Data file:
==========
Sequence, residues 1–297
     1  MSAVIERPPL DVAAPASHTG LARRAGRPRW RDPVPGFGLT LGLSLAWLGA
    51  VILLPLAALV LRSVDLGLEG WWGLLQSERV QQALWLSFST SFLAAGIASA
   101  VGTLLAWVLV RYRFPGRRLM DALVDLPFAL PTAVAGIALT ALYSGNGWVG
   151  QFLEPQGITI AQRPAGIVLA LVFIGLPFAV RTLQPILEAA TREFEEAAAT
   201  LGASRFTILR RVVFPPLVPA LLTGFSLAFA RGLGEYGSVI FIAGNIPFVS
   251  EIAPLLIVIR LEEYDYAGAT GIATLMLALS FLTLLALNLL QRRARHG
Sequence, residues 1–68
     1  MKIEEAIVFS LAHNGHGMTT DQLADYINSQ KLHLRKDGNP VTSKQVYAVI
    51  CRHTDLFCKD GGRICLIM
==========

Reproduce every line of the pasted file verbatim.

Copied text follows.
Sequence, residues 1–297
     1  MSAVIERPPL DVAAPASHTG LARRAGRPRW RDPVPGFGLT LGLSLAWLGA
    51  VILLPLAALV LRSVDLGLEG WWGLLQSERV QQALWLSFST SFLAAGIASA
   101  VGTLLAWVLV RYRFPGRRLM DALVDLPFAL PTAVAGIALT ALYSGNGWVG
   151  QFLEPQGITI AQRPAGIVLA LVFIGLPFAV RTLQPILEAA TREFEEAAAT
   201  LGASRFTILR RVVFPPLVPA LLTGFSLAFA RGLGEYGSVI FIAGNIPFVS
   251  EIAPLLIVIR LEEYDYAGAT GIATLMLALS FLTLLALNLL QRRARHG
Sequence, residues 1–68
     1  MKIEEAIVFS LAHNGHGMTT DQLADYINSQ KLHLRKDGNP VTSKQVYAVI
    51  CRHTDLFCKD GGRICLIM